The last couple of weeks have seen Curiosity return to the business of making steady headway toward Murray Buttes and, beyond them, Mount Sharp. Eight of the last 14 sols have seen drives ranging in length from 30 to 104 meters, racking up a total of more than half a kilometer. They are now occasionally working a shortened planning timeline that allows them to squeeze more drive sols into Curiosity's schedule.
Mars Express and Mars Reconnaissance Orbiter are keeping their eyes in the sky on Curiosity. There's a nice newly public color image of all of Gale Crater from HiRISE, and two new HiRISE images within the Curiosity landing site.
Finally, a new drill site! For the first time in nearly a year, Curiosity has put drill bit to rock and acquired a new sample of Martian material for her analytical instruments to chew on. Scientific data collection at Windjana is now complete; Curiosity drove away last night, on sol 630.
Curiosity took a new self-portrait on sol 613. This post contains a tip for would-be Curiosity image processors on how to make their Curiosity mosaics better: removing the smearing effect of bright objects in MAHLI photos.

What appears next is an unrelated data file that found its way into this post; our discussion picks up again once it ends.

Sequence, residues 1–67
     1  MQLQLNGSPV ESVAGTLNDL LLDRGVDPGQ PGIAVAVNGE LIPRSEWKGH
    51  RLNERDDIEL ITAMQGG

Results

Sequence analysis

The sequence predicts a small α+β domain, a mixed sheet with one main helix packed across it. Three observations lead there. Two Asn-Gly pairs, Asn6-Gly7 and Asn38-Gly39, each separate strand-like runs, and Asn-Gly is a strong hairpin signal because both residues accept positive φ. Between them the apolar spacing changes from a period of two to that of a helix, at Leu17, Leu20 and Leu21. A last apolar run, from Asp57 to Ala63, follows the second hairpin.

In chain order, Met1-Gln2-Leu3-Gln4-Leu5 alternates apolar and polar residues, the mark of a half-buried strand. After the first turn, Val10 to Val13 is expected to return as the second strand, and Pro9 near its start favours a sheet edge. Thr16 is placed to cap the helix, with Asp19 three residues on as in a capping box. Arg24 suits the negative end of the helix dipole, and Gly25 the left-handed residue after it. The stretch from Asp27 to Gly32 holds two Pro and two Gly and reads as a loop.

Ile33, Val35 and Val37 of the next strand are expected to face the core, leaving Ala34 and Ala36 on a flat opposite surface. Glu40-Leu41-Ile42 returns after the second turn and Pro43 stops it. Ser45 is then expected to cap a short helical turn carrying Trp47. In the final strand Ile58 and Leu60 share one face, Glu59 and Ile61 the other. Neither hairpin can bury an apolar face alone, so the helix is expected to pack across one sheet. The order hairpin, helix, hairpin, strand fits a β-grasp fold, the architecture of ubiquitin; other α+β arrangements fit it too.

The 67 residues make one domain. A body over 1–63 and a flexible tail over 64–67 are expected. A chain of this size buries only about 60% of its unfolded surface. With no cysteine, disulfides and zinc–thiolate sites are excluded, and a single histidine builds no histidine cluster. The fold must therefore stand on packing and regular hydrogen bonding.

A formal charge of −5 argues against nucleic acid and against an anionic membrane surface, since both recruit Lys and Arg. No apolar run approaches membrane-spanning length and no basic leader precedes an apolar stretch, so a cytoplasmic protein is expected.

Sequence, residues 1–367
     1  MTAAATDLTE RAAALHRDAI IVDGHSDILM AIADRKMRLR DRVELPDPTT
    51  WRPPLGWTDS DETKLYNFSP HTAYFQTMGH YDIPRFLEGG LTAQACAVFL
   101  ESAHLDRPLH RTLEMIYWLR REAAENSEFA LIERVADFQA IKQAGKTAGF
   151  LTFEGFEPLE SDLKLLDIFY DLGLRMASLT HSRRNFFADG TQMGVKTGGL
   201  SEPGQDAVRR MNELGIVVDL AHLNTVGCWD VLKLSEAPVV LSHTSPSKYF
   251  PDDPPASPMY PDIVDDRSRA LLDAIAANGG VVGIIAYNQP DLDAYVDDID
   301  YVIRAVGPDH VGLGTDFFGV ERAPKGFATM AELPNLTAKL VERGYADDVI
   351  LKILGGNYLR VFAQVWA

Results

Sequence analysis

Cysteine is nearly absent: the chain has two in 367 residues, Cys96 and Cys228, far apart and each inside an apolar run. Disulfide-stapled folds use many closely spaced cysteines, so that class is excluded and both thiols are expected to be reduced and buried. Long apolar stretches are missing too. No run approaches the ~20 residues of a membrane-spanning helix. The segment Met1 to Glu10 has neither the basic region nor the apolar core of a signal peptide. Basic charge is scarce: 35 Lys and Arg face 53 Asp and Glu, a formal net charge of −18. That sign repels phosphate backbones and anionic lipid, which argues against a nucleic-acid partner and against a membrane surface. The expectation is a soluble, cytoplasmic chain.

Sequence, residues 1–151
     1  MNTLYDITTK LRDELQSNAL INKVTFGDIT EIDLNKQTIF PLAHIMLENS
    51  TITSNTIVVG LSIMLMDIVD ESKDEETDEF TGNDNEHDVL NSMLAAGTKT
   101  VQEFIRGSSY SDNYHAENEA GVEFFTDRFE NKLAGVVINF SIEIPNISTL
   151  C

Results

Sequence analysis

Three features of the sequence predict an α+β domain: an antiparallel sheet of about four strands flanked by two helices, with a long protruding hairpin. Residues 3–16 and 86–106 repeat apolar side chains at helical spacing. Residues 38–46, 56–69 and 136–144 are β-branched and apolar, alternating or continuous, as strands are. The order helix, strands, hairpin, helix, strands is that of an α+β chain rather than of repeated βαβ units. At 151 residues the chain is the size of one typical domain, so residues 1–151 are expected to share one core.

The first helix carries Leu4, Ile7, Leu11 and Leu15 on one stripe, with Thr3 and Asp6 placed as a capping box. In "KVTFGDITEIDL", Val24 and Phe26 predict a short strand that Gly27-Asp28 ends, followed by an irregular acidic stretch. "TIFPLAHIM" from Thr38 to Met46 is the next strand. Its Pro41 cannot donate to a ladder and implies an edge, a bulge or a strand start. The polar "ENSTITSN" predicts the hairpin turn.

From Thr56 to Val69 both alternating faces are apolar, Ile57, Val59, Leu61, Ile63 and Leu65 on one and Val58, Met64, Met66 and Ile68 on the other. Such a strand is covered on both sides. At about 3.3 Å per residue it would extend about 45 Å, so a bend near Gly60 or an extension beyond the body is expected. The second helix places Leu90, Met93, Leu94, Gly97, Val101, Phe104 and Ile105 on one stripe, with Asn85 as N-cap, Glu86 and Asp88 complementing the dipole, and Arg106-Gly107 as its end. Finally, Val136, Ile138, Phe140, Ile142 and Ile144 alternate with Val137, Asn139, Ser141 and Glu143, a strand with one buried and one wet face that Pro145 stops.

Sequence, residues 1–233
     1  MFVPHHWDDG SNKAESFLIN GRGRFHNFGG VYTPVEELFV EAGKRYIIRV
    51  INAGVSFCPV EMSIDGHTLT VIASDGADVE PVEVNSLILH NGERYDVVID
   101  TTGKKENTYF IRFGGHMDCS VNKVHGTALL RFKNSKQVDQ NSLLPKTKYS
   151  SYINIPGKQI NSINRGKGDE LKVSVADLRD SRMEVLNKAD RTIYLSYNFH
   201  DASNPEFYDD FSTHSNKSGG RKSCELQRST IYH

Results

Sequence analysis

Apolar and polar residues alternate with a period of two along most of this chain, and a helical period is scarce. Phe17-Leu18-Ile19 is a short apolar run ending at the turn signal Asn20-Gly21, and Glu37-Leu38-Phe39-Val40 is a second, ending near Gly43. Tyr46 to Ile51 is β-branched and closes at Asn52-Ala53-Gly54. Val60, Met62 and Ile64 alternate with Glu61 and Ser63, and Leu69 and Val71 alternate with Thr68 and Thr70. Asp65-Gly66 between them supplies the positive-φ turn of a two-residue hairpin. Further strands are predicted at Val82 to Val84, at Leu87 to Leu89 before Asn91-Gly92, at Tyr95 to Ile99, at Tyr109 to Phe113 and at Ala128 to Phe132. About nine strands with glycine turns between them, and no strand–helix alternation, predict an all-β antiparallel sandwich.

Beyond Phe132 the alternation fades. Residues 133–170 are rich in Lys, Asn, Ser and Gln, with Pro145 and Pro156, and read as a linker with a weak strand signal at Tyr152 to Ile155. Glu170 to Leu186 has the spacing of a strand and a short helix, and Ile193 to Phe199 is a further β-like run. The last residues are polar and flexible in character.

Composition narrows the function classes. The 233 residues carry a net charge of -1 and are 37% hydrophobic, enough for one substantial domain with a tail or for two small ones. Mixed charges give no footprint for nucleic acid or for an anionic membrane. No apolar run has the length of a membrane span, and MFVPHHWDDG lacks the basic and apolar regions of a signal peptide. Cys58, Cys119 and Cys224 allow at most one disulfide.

After completing the initial reconnaissance of the Kimberley outcrop two weeks ago, Curiosity is, at last, moving toward a drill site. The science team selected the location last week: a spot near the base of Mount Remarkable, into what they have been calling the "middle unit" at the Kimberley.
Imagine yourself on a windswept landscape of rocks and red dust with mountains all around you. The temperature -- never warm on this planet -- suddenly plunges, as the small Sun sets behind the western range of mountains.
Curiosity has been busy performing a survey of the Kimberley, walking the length of the outcrop and taking enormous quantities of photos. The team is now ready to go in for a closer look, and maybe even to drill.